Third, let’s talk about the kind of drinkers who would participate in Dry January. Alcohol Concern makes this judicious point:

Note: It’s really important to state that Dry January is NOT a medical detox programme and should not be undertaken by people with alcohol dependency issues. This is both an awareness raising campaign and a fundraiser for Alcohol Concern to help people have a healthier relationship with alcohol. If you think you might be alcohol dependent, have a chat with your GP first.

Alcohol Concern is, ostensibly, concerned with the dangers (both personally and inter-personally) of drinking. I won’t begrudge them that, but I do take issue with how their approach plays out. Arguably, the people who could most use alcohol abstinence or a reform to their drinking are those who fall into the category of “alcohol dependent”–those for whom the Creature is no longer a thing of joy and merriment, but a simple substance they need just to function. For them, the Drink is joyless and compulsory, and that way madness lies. In an honest conversation, we have to acknowledge that these afflicted souls are in need of support, help, and love so that they may find some measure of peace and happiness, if at all possible.

However, Dry January is the exact kind of thing that could have lethal consequences for those who could benefit from it most. If you have lost your path on the Way of the Drink, a sudden cessation could kill you:

Here’s where the difficulty and risk come in. When a person stops drinking alcohol suddenly, just up and quits because he or she thinks it’s time to do so and it’s easy to do, the consequences can be deadly. Sudden alcohol cessation can cause hallucinations, convulsions, and even heart seizure that may ultimately result in death.

If it is not a self-detox kind of thing, then who (other than the organizers) benefit? Even Alcohol Concern is careful to warn that this is not a program to treat any kind of dependency. So who is it for, really? It’s clearly not for those who might benefit most, so it becomes clear that it is geared towards those who either want to jump onto a new fad in order to feel like they are a part of some larger charitable good (which is debatable) or those who fall for fear-mongering pseudo-medical advice that says that enjoying a  regular drink makes you a monster.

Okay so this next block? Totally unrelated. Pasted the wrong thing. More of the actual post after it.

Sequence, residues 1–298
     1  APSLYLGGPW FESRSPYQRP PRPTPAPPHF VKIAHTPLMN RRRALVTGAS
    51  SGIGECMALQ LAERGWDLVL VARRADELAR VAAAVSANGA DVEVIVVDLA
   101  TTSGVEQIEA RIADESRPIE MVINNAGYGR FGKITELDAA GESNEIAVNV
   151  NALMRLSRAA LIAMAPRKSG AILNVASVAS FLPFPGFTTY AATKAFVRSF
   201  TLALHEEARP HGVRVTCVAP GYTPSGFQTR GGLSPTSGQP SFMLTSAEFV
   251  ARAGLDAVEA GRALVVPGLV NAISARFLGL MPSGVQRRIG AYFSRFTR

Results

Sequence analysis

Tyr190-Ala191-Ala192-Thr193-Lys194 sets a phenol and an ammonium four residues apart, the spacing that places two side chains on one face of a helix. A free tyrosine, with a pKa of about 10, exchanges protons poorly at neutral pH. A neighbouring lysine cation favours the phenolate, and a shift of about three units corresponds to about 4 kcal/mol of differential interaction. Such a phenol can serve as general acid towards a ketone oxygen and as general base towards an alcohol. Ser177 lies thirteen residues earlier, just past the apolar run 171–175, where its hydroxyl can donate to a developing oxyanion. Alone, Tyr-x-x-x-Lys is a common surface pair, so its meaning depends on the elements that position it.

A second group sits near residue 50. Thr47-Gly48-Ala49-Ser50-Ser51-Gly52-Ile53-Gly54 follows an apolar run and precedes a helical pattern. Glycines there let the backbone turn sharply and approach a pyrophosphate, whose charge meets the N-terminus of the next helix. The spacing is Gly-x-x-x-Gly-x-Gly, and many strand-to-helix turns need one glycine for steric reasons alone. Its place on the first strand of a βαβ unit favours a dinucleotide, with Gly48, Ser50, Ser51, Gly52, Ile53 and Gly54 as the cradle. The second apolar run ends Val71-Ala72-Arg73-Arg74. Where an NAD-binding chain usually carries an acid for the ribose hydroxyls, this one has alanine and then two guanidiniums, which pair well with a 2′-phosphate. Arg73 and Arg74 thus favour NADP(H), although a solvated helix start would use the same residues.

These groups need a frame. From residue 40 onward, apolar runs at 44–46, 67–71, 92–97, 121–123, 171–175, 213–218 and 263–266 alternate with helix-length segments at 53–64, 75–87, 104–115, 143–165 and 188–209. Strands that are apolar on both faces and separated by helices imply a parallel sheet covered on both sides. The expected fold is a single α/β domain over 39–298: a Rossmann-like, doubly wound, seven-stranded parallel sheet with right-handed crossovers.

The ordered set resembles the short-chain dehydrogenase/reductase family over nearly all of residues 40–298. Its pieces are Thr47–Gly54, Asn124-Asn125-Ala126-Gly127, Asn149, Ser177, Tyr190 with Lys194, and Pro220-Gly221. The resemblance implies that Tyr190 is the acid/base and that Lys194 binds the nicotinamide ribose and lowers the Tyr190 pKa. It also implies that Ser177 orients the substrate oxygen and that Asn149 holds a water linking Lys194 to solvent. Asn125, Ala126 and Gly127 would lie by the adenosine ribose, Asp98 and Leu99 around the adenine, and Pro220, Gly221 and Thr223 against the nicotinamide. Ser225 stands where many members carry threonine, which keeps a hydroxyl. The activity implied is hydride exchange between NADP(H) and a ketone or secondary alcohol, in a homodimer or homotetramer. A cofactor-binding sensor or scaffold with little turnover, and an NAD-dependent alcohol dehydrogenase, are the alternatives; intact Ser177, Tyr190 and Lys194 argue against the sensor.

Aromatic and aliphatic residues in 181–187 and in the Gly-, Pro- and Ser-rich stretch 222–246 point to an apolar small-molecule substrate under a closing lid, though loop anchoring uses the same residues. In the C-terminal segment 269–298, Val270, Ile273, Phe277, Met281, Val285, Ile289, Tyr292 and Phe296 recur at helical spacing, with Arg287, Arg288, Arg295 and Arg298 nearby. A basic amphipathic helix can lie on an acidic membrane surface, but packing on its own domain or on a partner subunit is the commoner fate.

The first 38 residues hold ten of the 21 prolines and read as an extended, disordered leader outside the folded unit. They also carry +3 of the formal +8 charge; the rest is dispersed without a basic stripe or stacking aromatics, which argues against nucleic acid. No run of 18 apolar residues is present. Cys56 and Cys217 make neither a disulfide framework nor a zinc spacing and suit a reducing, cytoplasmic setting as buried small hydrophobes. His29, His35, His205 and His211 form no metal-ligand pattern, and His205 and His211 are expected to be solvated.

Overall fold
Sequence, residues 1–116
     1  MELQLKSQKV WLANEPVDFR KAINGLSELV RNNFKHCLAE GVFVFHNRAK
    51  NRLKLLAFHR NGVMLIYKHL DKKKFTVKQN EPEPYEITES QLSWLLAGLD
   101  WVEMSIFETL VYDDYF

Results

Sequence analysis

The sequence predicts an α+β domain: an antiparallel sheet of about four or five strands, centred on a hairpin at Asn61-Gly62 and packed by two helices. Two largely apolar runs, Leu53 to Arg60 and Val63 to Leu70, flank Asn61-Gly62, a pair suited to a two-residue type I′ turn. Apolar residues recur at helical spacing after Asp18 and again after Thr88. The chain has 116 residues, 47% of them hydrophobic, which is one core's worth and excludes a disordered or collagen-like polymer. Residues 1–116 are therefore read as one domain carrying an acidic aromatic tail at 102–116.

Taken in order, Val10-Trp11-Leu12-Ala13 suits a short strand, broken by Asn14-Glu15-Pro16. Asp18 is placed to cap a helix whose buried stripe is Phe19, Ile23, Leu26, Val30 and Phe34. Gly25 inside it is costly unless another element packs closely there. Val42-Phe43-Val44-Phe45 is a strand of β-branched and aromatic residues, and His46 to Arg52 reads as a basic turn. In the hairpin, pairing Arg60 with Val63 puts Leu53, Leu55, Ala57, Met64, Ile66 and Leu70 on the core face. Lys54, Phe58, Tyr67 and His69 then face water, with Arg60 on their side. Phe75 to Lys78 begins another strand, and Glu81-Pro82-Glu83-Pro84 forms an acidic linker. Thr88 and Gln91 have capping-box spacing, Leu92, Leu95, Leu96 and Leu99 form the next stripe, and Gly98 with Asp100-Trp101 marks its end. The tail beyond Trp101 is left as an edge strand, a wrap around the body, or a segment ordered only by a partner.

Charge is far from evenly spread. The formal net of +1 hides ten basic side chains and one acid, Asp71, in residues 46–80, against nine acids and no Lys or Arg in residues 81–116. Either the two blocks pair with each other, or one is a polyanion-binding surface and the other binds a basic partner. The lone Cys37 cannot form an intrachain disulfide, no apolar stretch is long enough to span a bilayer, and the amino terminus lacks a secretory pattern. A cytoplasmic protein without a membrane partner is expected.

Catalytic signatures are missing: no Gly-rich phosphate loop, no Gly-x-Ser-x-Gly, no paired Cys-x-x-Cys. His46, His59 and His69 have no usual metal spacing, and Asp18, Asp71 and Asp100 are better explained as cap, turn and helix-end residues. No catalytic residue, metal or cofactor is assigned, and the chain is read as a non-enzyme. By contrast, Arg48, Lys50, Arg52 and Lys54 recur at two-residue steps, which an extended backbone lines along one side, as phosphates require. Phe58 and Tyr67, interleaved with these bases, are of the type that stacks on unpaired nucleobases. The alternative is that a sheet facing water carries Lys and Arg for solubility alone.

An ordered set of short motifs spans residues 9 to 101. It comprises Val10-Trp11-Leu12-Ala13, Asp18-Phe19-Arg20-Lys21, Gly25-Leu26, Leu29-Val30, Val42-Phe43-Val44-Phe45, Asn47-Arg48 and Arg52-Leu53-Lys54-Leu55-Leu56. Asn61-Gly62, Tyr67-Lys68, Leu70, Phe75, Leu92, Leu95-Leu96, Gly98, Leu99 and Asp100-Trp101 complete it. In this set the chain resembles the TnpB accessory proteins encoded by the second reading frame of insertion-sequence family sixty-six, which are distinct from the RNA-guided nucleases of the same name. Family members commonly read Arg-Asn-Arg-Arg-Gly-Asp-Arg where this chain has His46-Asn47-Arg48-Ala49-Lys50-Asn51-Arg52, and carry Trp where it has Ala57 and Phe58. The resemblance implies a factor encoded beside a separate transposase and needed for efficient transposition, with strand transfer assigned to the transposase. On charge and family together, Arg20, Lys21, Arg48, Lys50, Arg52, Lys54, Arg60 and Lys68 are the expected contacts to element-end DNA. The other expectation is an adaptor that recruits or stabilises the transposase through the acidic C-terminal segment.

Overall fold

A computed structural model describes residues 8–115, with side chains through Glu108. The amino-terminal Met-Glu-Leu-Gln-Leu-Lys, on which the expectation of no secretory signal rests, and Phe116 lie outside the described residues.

I have written about this shame-based nonsense before, and it angers me every time it rears its petulant little head.  Those average folk who fall for fear- and shame-based arguments are part of the principle audience for a movement like Dry January since they are susceptible to sophistry and promises of quick personal gain at minimal personal expense. The other part of the audience is that group of people for whom a drink is a non-issue, a little laugh after work that means nothing to them. And they may just be the most joyless of all.

Neither of those groups would be the ones who could benefit most from a month of total abstinence, so I am failing to see the real point of Dry January. I think that it does a disservice to the very issue that it purports to champion. For any good that it might do, it has a dark heart that preys on those for whom drinking is either not even an issue or those who buy into any new claim about “living your best life,” which usually means avoiding the things that make life worth living.

Fourth, let’s look at what Dry January could mean to us hearty souls who refuse to buy into that nonsense. The bars will be a little emptier, the lines at the liquor store will be a little shorter, the wet-blankets will be absent from our usual watering holes. Granted, the month is almost over, and maybe you have not seen any change in your locals. Either way, life goes on, and some of us know that it sometimes takes an anchor to keep the ship stable in a maelstrom.

So let us all raise a glass to the fair-weather drinkers who have abandoned ship amidst a storm of nonsense while we keep sailing on. We even have a rallying cry to carry us forth in just this kind of time: Alestorm’s “Drink”.

Anyone in for “Flooded February?”

Cheers, you beautiful bastards.

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About the author

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Dylan Jesse

Dylan is a freelance writer and general itinerant who now lives in what may very well be a some kind of hippie commune, but which has an official beer sponsor (thanks, Montucky Cold Snacks!). He has many thoughts on what you can do with your flavored vodkas, and none of them include drinking. He occasionally accosts ducks in public places, so please do not be alarmed if you see him doing this. They know what they did.

They know.

If you know of any breaking news or troubling rumors that should be brought to the unfocused attention of the drinking masses, write him a letter and include a SASE to [email protected].